Argentina | Final offer?
admin | June 19, 2020
This document is intended for institutional investors and is not subject to all of the independence and disclosure standards applicable to debt research reports prepared for retail investors.
Argentina has presented what looks like a final offer. And although terms improved to a recovery value of around 50, including a maximum of 3.8 points of export-linked warrants, the country has not reached consensus with bondholders. This has deflated hopes for compromise and increased the risks of legal backlash as bondholders “consider all available rights.” Either stress looks likely to ultimately force a compromise or Argentina instead will push forward with minority participation and a slower resolution of the debt crisis.
These high stakes negotiation tactics seem so unnecessary for a country that could just smooth out some residually higher coupons over a longer repayment schedule. Economy Minister Martin Guzman is next week on the schedule for several highly visible panels suggesting that he’s focusing more on a campaign to seek public validation and coerce bondholders to accept the final terms. The markets should continue to disappoint near-term until there is goodwill to reconcile for a compromise solution with June 30 still the next informal deadline. Argentina still stands to lose more with a protracted default and a final offer with only minimal participation and coercive legal tactics to aggregate the CAC thresholds through re-designation strategy. The deal risk is still stubborn with current prices at 38 to 42 against the potential upside of latest offer of 46 plus maybe 2 to 3 points for export-linked warrants at an 11% discount rate.
Exhibit 1: Argentina’s proposal for bondholders
The official statements from Argentina suggest that talks are now broken. Argentina recently released an updated draft offer under the caveat that “investor demands frequently diverge, and cannot be readily reconciled.” The offer did improve from the previous revisions with average recovery value improving from 46.7 to 50.6 including the accrued bond and a maximum valuation of 54.6 including the potential export linked warrant payments (10% discount rate). The fixed payments were improved either by shortening the maturities and the grace period, increasing slightly higher the coupons and offering slightly less capital haircut at only 3% across the Macri bonds. It’s also now a more straightforward menu of bonds and allocation process with substantial improvement to the intermediate and longer maturity bonds versus the second offer.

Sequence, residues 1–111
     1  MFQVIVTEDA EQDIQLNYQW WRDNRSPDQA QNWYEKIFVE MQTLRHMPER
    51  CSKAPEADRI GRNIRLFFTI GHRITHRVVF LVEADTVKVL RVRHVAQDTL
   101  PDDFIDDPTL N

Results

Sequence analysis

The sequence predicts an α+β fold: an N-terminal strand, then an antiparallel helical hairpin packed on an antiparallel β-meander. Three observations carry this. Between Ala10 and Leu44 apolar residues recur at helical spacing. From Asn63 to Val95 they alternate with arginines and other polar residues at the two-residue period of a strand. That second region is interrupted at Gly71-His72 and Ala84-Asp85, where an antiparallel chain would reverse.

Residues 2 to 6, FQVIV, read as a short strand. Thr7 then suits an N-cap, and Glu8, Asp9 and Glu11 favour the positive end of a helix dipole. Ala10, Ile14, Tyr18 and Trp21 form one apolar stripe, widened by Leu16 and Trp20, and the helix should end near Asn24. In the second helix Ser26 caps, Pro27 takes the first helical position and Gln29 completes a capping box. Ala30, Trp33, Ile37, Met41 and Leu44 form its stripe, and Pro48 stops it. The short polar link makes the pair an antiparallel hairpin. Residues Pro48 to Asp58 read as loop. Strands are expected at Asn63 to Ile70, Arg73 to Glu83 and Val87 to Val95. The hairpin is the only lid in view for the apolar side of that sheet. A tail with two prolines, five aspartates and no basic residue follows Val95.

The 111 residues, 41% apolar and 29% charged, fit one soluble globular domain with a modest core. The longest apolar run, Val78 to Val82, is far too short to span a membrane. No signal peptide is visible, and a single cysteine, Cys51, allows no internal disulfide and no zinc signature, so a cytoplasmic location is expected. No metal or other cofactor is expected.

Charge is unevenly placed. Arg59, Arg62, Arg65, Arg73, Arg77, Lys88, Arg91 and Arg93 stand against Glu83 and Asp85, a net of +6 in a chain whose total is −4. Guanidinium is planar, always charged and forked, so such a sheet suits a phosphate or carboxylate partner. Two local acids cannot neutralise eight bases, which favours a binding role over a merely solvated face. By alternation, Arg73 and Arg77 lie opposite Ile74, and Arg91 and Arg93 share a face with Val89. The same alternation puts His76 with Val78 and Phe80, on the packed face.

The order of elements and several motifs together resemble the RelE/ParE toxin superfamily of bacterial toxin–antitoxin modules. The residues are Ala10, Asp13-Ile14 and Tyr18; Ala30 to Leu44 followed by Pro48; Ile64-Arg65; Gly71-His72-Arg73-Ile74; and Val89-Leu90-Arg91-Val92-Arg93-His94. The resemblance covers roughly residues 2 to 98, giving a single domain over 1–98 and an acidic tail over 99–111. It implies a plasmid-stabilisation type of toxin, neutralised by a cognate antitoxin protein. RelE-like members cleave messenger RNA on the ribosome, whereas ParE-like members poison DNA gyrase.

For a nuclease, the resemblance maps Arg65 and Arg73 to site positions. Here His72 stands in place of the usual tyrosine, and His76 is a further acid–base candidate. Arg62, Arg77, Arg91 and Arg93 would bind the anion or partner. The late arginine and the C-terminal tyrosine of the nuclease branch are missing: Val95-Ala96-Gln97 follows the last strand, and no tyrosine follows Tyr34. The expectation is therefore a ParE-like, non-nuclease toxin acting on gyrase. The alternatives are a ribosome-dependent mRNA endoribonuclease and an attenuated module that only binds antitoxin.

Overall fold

There were some initial details of the “recovery value instrument” including the criteria for an export-linked warrant. The maximum potential valuation at a 10% discount rate is only 3.8 points for the maximum coupon of 0.75% between the years of 2026 to 2046. The strike criteria seem reasonable to achieve this coupon on referencing the 7% average annual export growth (1911-2019) against the “backstop floor” of minimal 3% annual export growth. However, there is high volatility on the boom/bust cycles that suggest a few years of non-payment and a downward bias to the maximum 3.8 points valuation. For example, from 2012 to 2019 export growth has only exceeded 3% annual growth in 2018 and 2019. This “recovery value instrument” does offer a sweetener to the fixed payment terms. However, it doesn’t exactly allow investors to share in the upside of potential payment capacity with maybe easy strike criteria but a rigid payment cap that restricts investors from benefiting from higher repayment capacity.
The joint counteroffer from the Ad Hoc/Exchange Bondholder group continue to request a portion of upfront cash payment, no haircut on principal, a GDP-linked warrant and other legal terms while the Bondholder Group requests terms on NPV of 50-54 and other legal considerations. The Ad Hoc/Exchange Bondholder group reduced their average coupons and eliminated the PIK feature with lower NPV of 47-58 from their previous average 60 NPV proposal. These aggregate recovery value estimates from bondholders do not seem so far from the latest Argentine official offer but still require goodwill against what appear as tense relations and still unresolved specific legal/payment considerations. The bondholders are sensitive to mark to market on the final terms while Argentina should be less sensitive on medium term repayment scenarios; however face clear ideological and political constraints. President Fernandez makes the final decision and clearly wants to resolve the debt crisis with the markets awaiting forward guidance on whether the negotiation tactics are coercive or friendly.